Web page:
Email Routing Service incorrectly marking DMARC status a failed and not forwarding

We have mission critical emails that must be forwarded to us from the U.S. government from the domain uspto dot gov

Cloudflare in the last several days has stopped forwarding these emails. Everyone is marked with an “error” and claiming that DMARC status is failed.

Every online DMARC settings tool I check online says the domain USPTO dot GOV has a correctly configured DMARC record.

Is this a configuration issue on USPTO’s side or a Cloudflare bug?

Relying on mission critical emails, and passing them through one or more forwarding services, are two things that don’t go hand in hand.

If you rely on your email messages, then DO NOT use any email forwarding services (regardless whether it is Cloudflare Email Routing, or any other email routing/forwarding services by other organisations), in order to retrieve them.

Make them go directly.

That would be explaining the reason very well.

These online tools are only seeing a partial view of the whole situation.

They see whether the United States Patent and Trademark Office (USPTO) has configured a DMARC policy for their domain, whether the DMARC policy is syntactically correct, and likely also the individual parameters, such as e.g. what their actual DMARC policy is.

They DO NOT SEE the individual message that was sent to you, and as such, these tools won’t ever be able to confirm or deny, whether that one individual message was passing the sender’s DMARC policy, or not.

Without digging further, I would personally believe that the issue is on United States Patent and Trademark Office (USPTO)'s side.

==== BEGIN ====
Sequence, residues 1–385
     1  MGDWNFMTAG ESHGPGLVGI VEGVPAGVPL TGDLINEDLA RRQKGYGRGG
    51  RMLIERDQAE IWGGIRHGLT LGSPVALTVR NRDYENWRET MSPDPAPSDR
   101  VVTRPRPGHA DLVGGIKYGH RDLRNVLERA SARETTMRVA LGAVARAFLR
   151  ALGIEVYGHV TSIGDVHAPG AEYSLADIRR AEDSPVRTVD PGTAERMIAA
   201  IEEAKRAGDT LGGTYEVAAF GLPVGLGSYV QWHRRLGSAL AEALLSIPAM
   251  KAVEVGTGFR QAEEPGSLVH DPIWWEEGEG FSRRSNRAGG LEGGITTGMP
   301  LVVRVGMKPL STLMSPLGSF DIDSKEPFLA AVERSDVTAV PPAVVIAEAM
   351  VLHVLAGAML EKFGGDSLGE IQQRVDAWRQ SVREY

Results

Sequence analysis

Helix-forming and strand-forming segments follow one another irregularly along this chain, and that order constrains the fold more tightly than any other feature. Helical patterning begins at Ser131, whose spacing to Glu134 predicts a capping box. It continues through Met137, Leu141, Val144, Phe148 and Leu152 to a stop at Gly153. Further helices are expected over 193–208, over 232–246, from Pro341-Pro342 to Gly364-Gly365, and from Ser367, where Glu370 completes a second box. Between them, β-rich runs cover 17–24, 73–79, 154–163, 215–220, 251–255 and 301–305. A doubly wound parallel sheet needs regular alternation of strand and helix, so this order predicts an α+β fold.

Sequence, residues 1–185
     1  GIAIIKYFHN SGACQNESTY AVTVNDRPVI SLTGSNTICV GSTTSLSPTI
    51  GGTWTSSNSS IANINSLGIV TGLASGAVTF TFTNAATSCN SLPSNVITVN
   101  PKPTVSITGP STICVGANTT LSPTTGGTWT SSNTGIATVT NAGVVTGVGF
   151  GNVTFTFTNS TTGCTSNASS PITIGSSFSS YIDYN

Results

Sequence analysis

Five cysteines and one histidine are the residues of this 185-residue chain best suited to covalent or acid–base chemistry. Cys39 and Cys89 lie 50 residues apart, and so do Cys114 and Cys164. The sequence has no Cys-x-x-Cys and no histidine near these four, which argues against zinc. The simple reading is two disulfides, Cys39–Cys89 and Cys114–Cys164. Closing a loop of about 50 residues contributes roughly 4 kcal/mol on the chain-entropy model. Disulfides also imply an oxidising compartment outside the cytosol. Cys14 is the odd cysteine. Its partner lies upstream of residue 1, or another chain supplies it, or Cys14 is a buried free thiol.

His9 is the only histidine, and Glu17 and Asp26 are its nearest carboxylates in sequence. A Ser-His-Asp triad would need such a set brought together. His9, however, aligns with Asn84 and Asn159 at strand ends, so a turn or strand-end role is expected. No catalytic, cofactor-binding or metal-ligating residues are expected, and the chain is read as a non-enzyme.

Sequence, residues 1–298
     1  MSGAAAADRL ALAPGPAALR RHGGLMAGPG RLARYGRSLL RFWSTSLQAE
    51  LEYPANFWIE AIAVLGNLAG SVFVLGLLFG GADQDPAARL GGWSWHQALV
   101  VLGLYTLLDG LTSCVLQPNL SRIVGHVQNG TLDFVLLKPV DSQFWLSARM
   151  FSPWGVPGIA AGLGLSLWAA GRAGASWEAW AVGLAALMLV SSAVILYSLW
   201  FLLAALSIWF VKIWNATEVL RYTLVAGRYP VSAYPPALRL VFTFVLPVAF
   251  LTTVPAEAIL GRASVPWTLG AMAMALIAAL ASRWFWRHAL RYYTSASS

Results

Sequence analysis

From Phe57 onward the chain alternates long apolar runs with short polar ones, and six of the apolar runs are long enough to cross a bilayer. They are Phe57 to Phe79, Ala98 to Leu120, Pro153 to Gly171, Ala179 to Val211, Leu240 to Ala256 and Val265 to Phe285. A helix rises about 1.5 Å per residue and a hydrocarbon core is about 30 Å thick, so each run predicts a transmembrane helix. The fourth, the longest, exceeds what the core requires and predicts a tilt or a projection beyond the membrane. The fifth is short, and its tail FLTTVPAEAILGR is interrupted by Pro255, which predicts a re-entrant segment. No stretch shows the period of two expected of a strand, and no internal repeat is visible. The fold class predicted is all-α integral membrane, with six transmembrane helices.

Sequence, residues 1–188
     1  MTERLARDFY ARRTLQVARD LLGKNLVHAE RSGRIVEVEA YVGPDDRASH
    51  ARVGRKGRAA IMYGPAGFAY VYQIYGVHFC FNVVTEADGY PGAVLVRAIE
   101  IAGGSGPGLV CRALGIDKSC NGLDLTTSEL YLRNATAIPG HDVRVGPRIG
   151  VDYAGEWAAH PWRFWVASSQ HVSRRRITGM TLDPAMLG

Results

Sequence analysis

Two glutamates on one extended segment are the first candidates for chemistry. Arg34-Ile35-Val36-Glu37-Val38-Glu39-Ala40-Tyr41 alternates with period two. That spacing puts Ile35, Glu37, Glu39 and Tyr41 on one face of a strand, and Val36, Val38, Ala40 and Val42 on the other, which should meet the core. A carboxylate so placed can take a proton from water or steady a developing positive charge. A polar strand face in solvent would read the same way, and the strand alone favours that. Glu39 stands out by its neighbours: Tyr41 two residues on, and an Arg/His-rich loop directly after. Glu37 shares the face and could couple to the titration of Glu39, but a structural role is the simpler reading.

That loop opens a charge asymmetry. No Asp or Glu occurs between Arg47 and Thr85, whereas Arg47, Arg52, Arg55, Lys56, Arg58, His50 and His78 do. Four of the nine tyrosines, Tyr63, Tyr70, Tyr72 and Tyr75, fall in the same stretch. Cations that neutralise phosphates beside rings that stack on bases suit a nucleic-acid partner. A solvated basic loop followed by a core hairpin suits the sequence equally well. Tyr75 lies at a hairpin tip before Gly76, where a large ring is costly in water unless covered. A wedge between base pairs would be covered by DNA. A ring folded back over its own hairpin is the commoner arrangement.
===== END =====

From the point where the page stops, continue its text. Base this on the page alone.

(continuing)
I was under the impression that I had heard them to be failing in the past, however, digging a little bit, the one I had heard about, appears to be the United States Census Bureau.

The United States Census Bureau should allegedly be running SPF-only messages, while also having a DMARC reject policy.

As SPF, and it’s alignment to the original sender domain, won’t be able to survive message forwarding, having a DMARC reject policy would literally mean that a lot of legitimate messages, like perhaps the one you indicate, will be lost.

Your explanation points in a similar direction, that the United States Patent and Trademark Office (USPTO)'s may not be DKIM signing their message, with a DKIM signature that has proper alignment to the original sender domain.

With neither DKIM (and it’s alignment to the original sender domain), nor SPF (and it’s alignment to the original sender domain) succeeding, you’re left with a DMARC fail.

The DMARC reject policy, that both these organisations have, are instructing receivers to throw the message away.

Fun fact: Both of these two organisations are a part of the Department of Commerce.

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